In the case of a multi-purpose tire it is safer to stick with a 60 tpi thread pattern as losing a little extra weight isn’t worth the possibility of wiping out due to a torn side wall when riding on the trail. This is especially a concern for riders who use tubeless mountain bike tire setups as they are more likely to have a tear in their side wall threads.

Tube or Tubeless Mountain Bike Tires

In the contest between tubed or tubeless mountain bike tires, tubeless mountain bike tires are the clear winner for both street and trail riding. Tubeless mountain bike tires are lighter than their tubed counterparts, and they are also more durable as they have no inner tube to pop.

Continental Mountain Bike Tire – Tubeless

They improve speed both on the trail and on the street by being lighter, while at the same time providing the most cost-effective reliable option available. The real concern is side wall punctures, and if you get a tire that is moderately durable this won’t outweigh the concern that tubed tires have with durability.

What Mountain Bike Tire Pressure is Best for Street and Trail?

On the street you want to have a higher mountain bike tire pressure to reduce rolling resistance, and on the trail, you want to have a lower mountain bike tire pressure to improve traction. However, you can over inflate and under inflate your mountain bikes tires in either scenario. There isn’t really a tire pressure that is best for both street and trail, but that is okay as you can always add or remove air from your tires before riding. For a good guide in determining the best pressures to use for your specific tire and circumstance take a look at this article about that exact topic.

MTB Tools I Love and Recommend

Bike Hand Repair Stand
Bike Hand Repair Stand
Bike Hand 37 pcs Tool Box
Bike Hand 37 pcs Tool Box
Topeak Smartgauge D2 Air Pressure
Topeak Smartgauge D2 Air Pressure

I own each of these tools and only recommend things I own and use.

  • Bike Hand Bike Repair Stand.  Nice mountain bikes don’t have a kick stand so keeping your MTB safe but conveniently stored is essential.  I keep my bike on my stand whenever I’m not riding it.  This makes it easy to lube the chain, inflate the tires and adjust the derailleur.  Highly recommended – Bike Hand Bike Repair Stand (👈 Link to Amazon to see what thousands of others have said)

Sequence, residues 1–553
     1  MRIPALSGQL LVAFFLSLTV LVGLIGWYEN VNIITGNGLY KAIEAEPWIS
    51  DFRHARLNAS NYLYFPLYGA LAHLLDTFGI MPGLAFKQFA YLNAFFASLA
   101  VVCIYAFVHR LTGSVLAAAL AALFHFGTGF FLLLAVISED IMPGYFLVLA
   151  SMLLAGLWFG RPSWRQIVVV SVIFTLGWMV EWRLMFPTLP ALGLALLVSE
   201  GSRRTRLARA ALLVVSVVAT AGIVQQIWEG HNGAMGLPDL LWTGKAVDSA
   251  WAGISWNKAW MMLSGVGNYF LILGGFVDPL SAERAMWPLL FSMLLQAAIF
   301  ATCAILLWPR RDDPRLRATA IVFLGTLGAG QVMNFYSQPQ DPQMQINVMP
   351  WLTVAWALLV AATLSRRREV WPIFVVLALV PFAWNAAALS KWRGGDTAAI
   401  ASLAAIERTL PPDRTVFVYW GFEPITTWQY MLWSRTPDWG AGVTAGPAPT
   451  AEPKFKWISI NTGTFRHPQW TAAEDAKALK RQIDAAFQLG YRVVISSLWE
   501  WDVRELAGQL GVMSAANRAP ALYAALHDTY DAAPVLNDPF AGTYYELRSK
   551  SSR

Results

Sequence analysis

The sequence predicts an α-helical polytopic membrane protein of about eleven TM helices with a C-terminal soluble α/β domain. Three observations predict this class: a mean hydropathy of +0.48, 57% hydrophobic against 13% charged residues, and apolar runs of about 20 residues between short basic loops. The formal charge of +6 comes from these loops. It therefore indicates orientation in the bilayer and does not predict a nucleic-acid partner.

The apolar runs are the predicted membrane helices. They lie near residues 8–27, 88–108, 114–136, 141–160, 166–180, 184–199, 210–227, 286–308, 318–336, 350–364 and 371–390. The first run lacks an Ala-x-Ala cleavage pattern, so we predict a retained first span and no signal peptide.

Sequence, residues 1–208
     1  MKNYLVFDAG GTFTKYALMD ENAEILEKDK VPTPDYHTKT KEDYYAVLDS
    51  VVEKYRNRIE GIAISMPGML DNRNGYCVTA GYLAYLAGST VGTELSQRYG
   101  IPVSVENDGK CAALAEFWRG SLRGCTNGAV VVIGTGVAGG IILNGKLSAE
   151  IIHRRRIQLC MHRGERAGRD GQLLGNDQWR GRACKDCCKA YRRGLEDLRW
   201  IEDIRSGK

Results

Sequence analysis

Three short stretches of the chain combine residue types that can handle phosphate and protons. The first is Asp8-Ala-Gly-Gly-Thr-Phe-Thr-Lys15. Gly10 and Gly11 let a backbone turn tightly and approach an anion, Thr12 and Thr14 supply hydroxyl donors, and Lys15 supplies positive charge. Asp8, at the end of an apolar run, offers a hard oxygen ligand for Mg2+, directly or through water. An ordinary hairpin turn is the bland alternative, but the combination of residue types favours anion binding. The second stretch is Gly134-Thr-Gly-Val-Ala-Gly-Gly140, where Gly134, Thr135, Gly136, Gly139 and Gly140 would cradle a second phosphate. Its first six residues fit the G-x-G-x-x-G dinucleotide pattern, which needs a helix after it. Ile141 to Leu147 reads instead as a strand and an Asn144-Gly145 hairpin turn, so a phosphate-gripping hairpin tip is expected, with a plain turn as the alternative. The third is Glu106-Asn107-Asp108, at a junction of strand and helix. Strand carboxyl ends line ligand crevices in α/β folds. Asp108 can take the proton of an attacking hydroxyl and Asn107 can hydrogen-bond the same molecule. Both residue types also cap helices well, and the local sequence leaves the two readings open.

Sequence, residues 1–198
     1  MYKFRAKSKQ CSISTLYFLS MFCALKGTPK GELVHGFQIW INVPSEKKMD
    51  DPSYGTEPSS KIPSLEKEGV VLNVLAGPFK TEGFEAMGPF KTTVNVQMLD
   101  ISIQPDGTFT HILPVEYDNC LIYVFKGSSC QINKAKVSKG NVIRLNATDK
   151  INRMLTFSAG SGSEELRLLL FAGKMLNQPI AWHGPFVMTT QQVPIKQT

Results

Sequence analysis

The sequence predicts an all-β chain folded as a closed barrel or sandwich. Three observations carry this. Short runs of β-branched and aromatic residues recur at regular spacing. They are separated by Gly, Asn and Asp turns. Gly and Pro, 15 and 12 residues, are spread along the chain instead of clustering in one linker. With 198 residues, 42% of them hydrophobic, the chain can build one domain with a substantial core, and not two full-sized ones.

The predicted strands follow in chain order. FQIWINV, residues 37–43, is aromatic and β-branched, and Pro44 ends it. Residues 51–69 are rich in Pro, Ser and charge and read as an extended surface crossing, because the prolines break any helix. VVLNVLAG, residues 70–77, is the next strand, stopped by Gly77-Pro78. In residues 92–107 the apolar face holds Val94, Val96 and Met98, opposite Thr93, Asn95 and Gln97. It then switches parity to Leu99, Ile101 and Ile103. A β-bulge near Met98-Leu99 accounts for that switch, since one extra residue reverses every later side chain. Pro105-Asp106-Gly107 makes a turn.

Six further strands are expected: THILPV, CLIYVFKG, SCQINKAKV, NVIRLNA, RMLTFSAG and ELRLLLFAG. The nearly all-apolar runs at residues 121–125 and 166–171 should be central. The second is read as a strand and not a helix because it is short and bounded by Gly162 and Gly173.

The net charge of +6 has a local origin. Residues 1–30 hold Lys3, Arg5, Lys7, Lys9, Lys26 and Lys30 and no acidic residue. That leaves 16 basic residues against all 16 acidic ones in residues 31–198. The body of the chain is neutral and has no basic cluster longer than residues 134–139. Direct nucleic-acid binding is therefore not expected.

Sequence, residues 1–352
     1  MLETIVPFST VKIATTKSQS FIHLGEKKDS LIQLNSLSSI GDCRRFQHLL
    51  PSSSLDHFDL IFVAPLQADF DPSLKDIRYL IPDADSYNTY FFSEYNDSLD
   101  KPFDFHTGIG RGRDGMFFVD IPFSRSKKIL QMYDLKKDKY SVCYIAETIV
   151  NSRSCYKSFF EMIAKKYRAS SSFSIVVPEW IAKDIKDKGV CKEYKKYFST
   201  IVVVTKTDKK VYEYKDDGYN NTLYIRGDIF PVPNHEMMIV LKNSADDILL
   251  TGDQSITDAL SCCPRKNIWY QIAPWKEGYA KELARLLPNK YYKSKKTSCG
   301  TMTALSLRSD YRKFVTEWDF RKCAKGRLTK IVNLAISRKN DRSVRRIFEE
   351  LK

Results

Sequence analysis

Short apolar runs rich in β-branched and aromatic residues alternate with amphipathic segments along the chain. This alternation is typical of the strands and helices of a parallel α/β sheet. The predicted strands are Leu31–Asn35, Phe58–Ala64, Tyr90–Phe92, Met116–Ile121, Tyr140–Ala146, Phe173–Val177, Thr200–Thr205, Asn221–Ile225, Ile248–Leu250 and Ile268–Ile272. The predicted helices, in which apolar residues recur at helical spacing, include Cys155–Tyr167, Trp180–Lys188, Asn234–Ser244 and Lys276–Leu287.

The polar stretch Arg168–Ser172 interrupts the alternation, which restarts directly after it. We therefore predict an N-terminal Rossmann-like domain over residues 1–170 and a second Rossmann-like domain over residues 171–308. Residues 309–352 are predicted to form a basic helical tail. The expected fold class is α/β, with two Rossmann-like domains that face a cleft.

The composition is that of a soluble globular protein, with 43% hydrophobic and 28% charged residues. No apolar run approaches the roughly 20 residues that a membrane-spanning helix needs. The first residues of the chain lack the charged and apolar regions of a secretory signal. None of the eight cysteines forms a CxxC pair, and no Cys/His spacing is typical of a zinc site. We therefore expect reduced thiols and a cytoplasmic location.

• A basic MTB toolbox for replacing a chain, adjusting brakes and dialing in the fit.  Bike Hand has a 37-piece box that has most of the specialty bike tools to keep your MTB properly maintained.  The Bike Hand brand is value packed for the avid rider.  Check out the competitive prices with this link to Amazon 👉 Bike Hand 37 pcs Bike Repair Tool Kit
  • Get a good air pressure gauge, if you get just a tiny bit serious about MTBing you’re going to start playing with tire pressure.  A couple psi can make your tires sticking or not.  Get a good gauge, I highly recommend the Topeak Smartgauge D2, it’s accurate, flexible and easy to use.  An Amazon best seller, here’s a link 👉 Topeak Smartgauge D2
  • Carry a multitool with you on every ride.  I’m serious, most of the time you can MacGyver something to get back to the trailhead if you have a multitool.  I’ve got the Crank Brothers M19, it’s worn, rubbed and abused – but it still works.   Thousands sold on Amazon – check it out with this link 👉 Crank Brothers M19

Should you Use Different Mountain Bike Tires in Front and Back for Street and Trail Riding?

The weight of the front tire on a mountain bike doesn’t affect pedaling difficulty and speed as much as the back tire which is directly connected to the drivetrain. It also absorbs most the force when on the trial. Therefore, some riders prefer to put a wider, more durable, tire on the front of their mountain bike, and a slightly lighter, thinner, tire on the back of their mountain bike. However, it is important to remember that the benefits of this are somewhat minute and so only worth slight consideration when picking a good multi-purpose mountain bike tire setup.

The decision ultimately comes down to personal preference in this case therefore, as it is not completely clear whether the benefits of using different tire on the trail will outweigh their negative effect on rolling resistance on the road.


David Humphries is the creator of DIY Mountain Bike. For me a relaxing day involves riding my mountain bike to decompress after a long day. When not on my bike I can be found wrenching on it or making YouTube videos at 👉 DIY Mountain Bike Read more about David HERE.